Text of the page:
Inventories continue to decline, driven by technology
By Will Horner and Xie Yu
US stocks and global indices fell on Tuesday after concerns about rising inflation resurfaced, causing highflying tech stocks to sell off.
The S&P 500 fell 1% after the opening bell, a day after the broad market index fell 1% from its all-time high. The Nasdaq Composite fell 1.2%, extending its losses for the week to 3.7%. The Dow Jones Industrial Average fell about 350 points, or 1%.
Investors are betting that inflation is likely to rise sharply in the coming months, due to pent-up spending as well as supply bottlenecks and a surge in commodity prices. A sharp and sustained rise in inflation would erode returns on fixed income assets and stocks whose valuations are based on future earnings. Some fund managers are concerned that this may also prompt the Federal Reserve to cut back on its easy money policies sooner than expected.
âInflation is an issue that is on everyone’s mind right now, and it injects a lot of uncertainty,â said Peter Langas, chief portfolio strategist at Bessemer Trust. “The question is, how is the Fed reacting to this?”
Tech companies are bearing the brunt of inflation problems this year. Growth stocks have led the strong market recovery since last spring. Investors are increasingly concerned that their high valuations may not be justified if inflation weakens the value of future earnings. This week, those concerns spilled over to other sectors as well, leading to a wider sell-off.
âWhen inflation is rising fast enough and there is nothing to contain it, that’s when stocks tend to perform poorly,â said Seema Shah, chief strategist at Principal Global Investors. âOver the past 10 to 20 years, inflation has not been a concern for investors and therefore, if you look at portfolios, they are not positioned for inflation risks.â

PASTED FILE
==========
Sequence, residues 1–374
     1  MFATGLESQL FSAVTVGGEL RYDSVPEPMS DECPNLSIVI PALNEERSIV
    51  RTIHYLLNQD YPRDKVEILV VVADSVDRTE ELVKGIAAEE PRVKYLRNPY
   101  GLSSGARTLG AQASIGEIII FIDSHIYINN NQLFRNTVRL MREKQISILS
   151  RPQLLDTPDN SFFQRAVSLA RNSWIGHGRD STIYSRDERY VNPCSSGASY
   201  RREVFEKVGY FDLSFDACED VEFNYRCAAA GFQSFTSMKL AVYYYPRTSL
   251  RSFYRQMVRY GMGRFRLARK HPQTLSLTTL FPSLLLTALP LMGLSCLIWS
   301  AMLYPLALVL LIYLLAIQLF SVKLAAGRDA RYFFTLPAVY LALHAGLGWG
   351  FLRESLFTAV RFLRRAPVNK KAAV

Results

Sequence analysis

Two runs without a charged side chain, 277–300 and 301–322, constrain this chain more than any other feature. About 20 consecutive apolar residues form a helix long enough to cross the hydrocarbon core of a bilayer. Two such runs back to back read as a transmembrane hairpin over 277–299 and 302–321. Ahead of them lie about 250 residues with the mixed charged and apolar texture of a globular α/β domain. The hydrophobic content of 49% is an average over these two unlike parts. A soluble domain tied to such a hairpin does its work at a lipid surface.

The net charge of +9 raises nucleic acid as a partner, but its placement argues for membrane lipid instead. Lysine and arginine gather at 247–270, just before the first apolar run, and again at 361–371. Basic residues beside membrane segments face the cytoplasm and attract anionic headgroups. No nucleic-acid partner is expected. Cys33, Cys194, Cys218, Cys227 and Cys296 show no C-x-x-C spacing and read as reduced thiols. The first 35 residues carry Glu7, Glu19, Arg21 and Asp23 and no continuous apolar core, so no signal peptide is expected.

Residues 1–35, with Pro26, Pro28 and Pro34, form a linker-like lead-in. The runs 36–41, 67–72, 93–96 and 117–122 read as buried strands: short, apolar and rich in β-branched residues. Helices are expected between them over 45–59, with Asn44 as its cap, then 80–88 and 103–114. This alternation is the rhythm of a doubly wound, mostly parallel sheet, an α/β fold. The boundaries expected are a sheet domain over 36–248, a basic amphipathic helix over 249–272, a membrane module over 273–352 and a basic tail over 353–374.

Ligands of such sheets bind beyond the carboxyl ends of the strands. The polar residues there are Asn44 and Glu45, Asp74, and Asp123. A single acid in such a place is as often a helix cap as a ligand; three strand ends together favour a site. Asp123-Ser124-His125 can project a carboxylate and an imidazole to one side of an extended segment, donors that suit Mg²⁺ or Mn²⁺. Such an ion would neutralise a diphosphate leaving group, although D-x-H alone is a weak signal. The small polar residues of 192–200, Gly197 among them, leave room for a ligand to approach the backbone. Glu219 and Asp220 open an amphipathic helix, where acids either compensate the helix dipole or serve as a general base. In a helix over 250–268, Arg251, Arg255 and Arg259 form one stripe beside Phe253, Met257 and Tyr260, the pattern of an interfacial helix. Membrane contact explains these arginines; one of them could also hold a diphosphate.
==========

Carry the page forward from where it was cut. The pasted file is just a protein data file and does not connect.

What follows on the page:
Market heavyweights Apple, parent company Google Alphabet and Facebook were among the tech stocks that fell on Tuesday, each falling about 1.6% or more. Other big tech companies were also under pressure: Tesla fell about 3%, while Twitter fell 1% and Snap fell 1.3%.
Cathie Wood’s ARK Innovation exchange-traded fund fell 1.6%, adding to a drop of more than 5% on Monday, as the fund’s holdings slid.
Novavax shares fell 20% after the company announced that it had delayed its plans to apply for regulatory clearance for its Covid-19 vaccine.
In bond markets, the yield on the 10-year US Treasury bill edged up to 1.621%, from 1.601% on Monday, marking its third consecutive trading day of gains. Yields increase as prices fall.
Comments on Tuesday from John Williams, chairman of the Federal Reserve Bank of New York, and Lael Brainard, a member of the Fed’s board of governors, could offer new insights into how they perceive inflationary pressures and changing market conditions. American interest rates. The Fed, under President Jerome Powell, has stressed that it will not be swayed by one-off price increases due to the economic reopening.
In commodities, Brent, the international energy benchmark, fell 1.6% to $ 67.23 per barrel.
Overseas, the pan-continental Stoxx Europe 600 index fell 2.3%.
In Hong Kong, the Hang Seng index fell 2%. Japan’s Nikkei 225 fell 3.1%, while South Korea’s Kospi index fell 1.2%.
Asian markets have followed US indices lower amid inflation concerns, said Grace Tam, senior investment advisor at BNP Paribas Wealth Management in Hong Kong. These concerns have been exacerbated by the tougher stance of Chinese regulators on its tech giants, she said. “The general sentiment towards Chinese technology companies has been weak.”
New data showed that factory gate prices in China jumped last month by the most in three and a half years, adding to concerns about the spread of inflationary pressures globally.
– Caitlin McCabe contributed to this article.
(END) Dow Jones News Wire
May 11, 2021 10:09 am ET (2:09 pm GMT)
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